Abstract 173: A Comparison of Administrative Claims Discharge Diagnosis with Electronic Medical Record Problem List in the Diagnosis of Acute Myocardial Infarction
Background: Administrative claims data are commonly used for measurement of mortality and readmissions in Acute Myocardial Infarction (AMI). With advent of the Electronic Medical Record (EMR), the electronic problem list offers new ways to capture diagnosis data. However, no data comparing the accuracy of administrative claims data and the EMR problem list exists.
Methods: Two years of admissions at a single, quaternary medical center were analyzed to compare the presence of AMI diagnosis in administrative claims and EMR problem list data using a 2x2 matrix. To gain insights into this novel method, 25 patient admissions were randomly selected from each group to undergo physician chart review to adjudicate a clinical diagnosis of myocardial infarction based on the universal definition.
Results: A total of 105,929 admissions from January 1, 2010 to December 31, 2011 were included. Where EMR problem list and administrative claims data were in agreement for or against AMI diagnosis they were highly accurate. Where administrative claims data, but not EMR problem list, reported AMI the most common explanation was true AMI with missing EMR problem list diagnoses (60%). Less common reasons for discordance in this category include: (1) administrative coding error (20%), (2) computer algorithm error (8%), (3) patient death before EMR problem list created (4%), (4) EMR problem list not used (4%) and (5) AMI diagnosis was removed from EMR problem list (4%). Where EMR problem list, but not administrative claims data, reported AMI the most common explanation was no AMI with historical diagnosis of AMI from a previous admission (60%). Less common reasons for discordance in this category include: (1) AMI present but not the principal diagnosis (32%), (2) administrative coding error (4%) and (3) erroneous EMR problem list entry (4%).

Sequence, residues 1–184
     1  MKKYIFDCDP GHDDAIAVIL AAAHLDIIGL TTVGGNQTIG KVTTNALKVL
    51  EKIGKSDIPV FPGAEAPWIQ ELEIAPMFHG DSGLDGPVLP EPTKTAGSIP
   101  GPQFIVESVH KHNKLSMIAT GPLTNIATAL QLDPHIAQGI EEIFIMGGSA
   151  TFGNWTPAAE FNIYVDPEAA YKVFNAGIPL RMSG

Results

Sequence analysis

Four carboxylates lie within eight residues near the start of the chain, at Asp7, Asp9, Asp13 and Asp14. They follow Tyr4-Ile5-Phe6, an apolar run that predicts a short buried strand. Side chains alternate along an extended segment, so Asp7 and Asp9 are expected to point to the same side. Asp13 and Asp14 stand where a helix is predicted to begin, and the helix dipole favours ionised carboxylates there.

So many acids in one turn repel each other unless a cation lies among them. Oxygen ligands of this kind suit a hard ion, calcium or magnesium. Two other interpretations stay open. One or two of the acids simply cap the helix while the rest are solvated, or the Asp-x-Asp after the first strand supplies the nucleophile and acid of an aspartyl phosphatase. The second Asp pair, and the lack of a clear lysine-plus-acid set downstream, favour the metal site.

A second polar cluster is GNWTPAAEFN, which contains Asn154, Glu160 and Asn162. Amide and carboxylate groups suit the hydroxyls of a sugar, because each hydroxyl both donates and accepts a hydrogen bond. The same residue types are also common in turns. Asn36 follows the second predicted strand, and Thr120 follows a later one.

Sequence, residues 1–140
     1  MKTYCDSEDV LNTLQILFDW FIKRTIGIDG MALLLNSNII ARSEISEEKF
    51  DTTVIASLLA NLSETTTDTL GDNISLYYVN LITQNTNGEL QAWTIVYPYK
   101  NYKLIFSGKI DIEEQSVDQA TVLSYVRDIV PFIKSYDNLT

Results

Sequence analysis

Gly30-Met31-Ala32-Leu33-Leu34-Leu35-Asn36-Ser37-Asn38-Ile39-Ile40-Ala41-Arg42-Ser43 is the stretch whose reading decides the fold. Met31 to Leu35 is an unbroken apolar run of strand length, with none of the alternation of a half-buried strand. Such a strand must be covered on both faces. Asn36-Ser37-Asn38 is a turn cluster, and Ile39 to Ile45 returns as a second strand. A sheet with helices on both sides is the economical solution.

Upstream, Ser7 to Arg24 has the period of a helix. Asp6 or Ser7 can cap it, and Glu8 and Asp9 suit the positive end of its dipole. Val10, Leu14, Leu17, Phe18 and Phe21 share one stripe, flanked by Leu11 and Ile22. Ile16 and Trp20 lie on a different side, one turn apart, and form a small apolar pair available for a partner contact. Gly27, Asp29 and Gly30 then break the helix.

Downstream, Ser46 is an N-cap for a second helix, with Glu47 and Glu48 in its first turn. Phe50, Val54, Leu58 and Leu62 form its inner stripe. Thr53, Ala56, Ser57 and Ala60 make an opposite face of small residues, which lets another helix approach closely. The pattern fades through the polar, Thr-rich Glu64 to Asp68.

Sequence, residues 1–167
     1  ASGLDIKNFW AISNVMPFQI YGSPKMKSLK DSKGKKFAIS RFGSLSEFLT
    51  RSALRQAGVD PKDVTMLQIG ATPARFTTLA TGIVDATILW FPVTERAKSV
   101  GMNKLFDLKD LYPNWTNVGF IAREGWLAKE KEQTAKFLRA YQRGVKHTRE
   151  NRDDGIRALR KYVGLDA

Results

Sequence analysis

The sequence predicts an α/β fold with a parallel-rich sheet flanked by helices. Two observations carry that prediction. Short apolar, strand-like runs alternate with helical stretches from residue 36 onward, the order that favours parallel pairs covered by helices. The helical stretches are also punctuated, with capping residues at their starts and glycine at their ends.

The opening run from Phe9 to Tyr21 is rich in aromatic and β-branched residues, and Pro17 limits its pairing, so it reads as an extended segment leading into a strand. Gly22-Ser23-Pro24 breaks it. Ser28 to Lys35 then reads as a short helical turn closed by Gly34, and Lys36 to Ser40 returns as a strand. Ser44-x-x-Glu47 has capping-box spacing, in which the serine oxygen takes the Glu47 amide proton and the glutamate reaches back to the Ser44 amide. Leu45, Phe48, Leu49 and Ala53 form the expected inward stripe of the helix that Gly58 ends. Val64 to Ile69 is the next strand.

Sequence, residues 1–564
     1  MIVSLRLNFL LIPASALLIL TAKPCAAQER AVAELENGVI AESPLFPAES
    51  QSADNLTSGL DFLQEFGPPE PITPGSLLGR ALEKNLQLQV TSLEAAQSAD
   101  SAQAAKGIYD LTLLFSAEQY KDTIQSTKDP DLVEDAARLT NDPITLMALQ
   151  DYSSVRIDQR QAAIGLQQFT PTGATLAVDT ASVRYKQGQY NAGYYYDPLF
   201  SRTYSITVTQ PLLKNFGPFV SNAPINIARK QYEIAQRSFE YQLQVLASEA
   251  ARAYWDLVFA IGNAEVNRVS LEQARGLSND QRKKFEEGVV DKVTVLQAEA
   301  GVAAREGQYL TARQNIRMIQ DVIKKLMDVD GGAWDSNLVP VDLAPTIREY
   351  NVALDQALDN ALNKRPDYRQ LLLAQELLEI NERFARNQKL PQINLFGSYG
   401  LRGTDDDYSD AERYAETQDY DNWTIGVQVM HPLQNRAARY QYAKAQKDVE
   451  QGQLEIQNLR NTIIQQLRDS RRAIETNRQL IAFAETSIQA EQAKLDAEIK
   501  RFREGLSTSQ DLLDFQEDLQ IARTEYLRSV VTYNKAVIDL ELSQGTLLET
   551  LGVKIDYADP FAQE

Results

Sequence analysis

Conclusion: Compared to administrative and chart review diagnoses, we found that using the EMR problem list to identify patient admissions with a principal diagnosis of AMI will overlook a subset of patients primarily due to inadequate clinical documentation. Additionally, the EMR problem list does not discriminate the admission principal diagnosis from the secondary diagnoses.
Author Disclosures: M.D. McCulloch: None. T. Sobol: None. J. Yuhas: None. B. Ahern: None. E.D. Hixson: None. U.N. Khot: None.
- © 2014 by American Heart Association, Inc.